Now, there's some caveats, and I'm going to show you that at the end of this. There's particularly one question and one caveat, one kind of warning. Right? So we're going to talk about that, but here's what I continue to hear from you, is that you can't feel. You can't cry. You can't get angry. Right? And what I'm here to say is that is bullshit. It's bullshit. I firmly believe that the reason why you are saying those things is because you have a resistance to being emotional. I think most of us do. It's a vulnerability. When we're talking about this whole idea of having range and being more emotional in trial, let's go back to that whole idea of the devil's advocate question. Right? So I talked about this in several podcasts recently about how you cannot use the devil's advocate question unless you are using a different tone of voice. And so Kristi Foster, who is our resident vocal coach here at H2H, she is awesome. If you want to get a free vocal assessment or free breathwork assessment, go to saridlm.com.
I know, it's all confusing. That's why we've hired a branding team. And we're going to go to one website in a couple weeks, but just stick with me. Saridlm.com, Meet Sari, and scroll down to her. And you can just do it right there. You can get a free vocal assessment.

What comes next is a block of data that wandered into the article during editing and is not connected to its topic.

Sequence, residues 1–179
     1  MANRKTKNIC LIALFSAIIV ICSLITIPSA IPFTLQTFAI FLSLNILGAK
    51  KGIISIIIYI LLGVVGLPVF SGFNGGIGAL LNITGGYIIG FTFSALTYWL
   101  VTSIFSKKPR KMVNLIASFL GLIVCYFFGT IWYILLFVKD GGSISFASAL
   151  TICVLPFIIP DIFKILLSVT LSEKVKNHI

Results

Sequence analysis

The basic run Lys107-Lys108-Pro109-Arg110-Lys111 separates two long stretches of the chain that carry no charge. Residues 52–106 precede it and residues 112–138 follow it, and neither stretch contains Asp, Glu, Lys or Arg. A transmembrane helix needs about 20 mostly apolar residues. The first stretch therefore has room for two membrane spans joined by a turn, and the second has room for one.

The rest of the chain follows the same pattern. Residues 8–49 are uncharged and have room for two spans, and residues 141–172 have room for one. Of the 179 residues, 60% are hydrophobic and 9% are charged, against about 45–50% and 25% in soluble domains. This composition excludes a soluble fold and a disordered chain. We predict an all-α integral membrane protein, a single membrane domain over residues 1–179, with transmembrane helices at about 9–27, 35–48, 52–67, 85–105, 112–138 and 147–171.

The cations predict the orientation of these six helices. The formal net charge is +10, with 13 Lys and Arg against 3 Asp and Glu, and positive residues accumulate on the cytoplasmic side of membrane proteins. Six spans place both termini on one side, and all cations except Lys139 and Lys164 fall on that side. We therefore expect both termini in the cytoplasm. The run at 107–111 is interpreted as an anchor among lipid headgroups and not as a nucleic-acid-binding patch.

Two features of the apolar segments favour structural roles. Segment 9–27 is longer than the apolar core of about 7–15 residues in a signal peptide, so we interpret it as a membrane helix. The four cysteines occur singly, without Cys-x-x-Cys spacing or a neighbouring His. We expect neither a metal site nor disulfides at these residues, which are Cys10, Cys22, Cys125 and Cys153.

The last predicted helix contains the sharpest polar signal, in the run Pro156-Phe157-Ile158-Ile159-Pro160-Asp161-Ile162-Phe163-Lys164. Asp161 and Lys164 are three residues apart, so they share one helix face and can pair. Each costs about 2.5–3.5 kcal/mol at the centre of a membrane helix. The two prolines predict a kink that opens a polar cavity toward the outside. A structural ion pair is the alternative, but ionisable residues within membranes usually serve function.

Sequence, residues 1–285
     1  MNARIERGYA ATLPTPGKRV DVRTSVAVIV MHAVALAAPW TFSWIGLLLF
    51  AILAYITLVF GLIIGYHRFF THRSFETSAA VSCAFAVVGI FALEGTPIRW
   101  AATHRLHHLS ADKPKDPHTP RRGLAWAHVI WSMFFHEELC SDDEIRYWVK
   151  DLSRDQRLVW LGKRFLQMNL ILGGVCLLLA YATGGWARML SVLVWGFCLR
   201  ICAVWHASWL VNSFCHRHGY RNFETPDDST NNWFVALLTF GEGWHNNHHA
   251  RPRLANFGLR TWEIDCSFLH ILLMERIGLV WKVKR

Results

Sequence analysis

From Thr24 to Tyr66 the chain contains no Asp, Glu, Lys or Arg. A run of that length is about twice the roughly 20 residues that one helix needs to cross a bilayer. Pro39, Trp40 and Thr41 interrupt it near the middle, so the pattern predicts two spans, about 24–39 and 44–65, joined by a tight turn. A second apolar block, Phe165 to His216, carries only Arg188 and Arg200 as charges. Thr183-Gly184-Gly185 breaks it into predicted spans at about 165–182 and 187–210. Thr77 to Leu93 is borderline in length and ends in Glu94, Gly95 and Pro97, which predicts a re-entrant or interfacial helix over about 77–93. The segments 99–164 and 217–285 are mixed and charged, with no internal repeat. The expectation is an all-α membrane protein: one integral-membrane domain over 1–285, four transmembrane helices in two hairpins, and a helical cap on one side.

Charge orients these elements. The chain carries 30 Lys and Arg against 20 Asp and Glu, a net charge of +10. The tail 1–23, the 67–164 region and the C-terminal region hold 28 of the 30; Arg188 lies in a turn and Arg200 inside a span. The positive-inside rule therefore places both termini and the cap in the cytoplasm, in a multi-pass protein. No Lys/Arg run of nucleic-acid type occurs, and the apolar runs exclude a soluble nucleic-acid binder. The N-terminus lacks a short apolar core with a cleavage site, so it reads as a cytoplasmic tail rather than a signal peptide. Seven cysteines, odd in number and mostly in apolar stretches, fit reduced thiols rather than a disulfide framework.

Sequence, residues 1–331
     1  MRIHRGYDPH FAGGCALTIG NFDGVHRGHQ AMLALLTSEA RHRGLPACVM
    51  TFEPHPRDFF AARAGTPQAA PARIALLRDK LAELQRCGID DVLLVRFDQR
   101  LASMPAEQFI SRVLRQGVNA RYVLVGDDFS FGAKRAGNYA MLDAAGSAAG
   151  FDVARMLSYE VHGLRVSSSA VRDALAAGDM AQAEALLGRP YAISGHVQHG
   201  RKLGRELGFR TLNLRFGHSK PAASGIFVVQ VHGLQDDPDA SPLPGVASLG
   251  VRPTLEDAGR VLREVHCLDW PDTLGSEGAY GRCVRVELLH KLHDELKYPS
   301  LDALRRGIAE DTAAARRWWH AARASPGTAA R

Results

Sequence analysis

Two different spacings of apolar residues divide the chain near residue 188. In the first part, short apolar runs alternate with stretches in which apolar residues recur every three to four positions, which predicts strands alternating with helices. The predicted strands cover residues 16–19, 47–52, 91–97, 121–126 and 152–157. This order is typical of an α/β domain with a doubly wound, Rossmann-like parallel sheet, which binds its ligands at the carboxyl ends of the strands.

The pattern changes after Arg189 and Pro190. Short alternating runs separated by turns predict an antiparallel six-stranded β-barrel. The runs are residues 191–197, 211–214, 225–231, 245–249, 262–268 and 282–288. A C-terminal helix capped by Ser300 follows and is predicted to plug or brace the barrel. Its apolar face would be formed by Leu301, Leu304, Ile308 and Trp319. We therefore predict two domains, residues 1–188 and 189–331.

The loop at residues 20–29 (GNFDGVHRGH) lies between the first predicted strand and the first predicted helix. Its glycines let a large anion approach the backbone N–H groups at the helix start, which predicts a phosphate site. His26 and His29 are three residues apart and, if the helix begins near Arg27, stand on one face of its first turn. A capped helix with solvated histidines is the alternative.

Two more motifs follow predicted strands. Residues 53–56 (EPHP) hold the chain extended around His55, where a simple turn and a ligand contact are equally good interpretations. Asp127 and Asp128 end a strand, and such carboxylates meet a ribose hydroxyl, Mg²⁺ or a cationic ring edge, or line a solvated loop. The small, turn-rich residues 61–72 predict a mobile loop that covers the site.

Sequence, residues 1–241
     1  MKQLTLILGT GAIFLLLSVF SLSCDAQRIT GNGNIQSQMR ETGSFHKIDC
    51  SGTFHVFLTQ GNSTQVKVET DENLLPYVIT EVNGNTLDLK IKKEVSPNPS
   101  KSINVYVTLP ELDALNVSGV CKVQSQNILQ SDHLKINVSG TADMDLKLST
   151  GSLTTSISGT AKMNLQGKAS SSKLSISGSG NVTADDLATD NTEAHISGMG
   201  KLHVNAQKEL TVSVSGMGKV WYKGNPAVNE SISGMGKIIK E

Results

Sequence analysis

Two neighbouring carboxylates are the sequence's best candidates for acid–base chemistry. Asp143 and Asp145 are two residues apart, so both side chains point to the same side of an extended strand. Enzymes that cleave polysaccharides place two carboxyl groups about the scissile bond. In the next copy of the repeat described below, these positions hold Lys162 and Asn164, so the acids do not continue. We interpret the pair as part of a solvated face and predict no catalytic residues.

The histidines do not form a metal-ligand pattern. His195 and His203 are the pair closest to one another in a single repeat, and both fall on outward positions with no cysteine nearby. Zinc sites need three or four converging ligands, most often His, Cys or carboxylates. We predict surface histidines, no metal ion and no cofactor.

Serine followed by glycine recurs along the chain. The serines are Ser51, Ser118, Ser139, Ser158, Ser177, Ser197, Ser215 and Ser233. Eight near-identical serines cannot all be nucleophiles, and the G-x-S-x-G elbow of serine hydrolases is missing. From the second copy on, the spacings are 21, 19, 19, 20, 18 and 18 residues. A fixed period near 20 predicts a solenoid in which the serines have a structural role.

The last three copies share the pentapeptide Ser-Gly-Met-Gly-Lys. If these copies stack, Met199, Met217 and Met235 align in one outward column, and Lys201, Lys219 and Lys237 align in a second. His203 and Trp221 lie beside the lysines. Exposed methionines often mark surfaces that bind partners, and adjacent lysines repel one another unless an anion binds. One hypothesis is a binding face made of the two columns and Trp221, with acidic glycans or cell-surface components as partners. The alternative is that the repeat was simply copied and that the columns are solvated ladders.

But here's what she put in our H2H group here recently. She said, I've been coaching around this a lot lately, and it came up again today in Voir Dire circle. Here are some late night thoughts on the devil's advocate question. There's resistance to making your voice go outside its natural range. You feel silly. You've not used your voice in that way before. It's not how you normally speak, but you are not in normal circumstances. It's time to try some new things. Doing a devil's advocate question is the perfect time to go out of bounds. You must make the question sound ridiculous or you'll end up confusing the jurors. If you use the same vocal pitch, melody, volume, pace and tone that you've used throughout the rest of voir dire, when you are being sincere and earnest, they'll think you're being sincere and earnest now, too.
You've got to make it sound a little ridiculous in order for them to lock in their opinion on your principles. They have to know that the answer and that you know that they know the answer, and this is now just an opportunity for everyone to confirm the answer. It's another chance to form the group and establish yourself as their guide. If you don't take vocal risks, she says, you are sabotaging yourself. Get your voice ridiculously high as you start the question, then let it cascade down towards normal range to finish. Scrunch your face. Gesture. Dare to be ridiculous so that everyone's sanity is confirmed.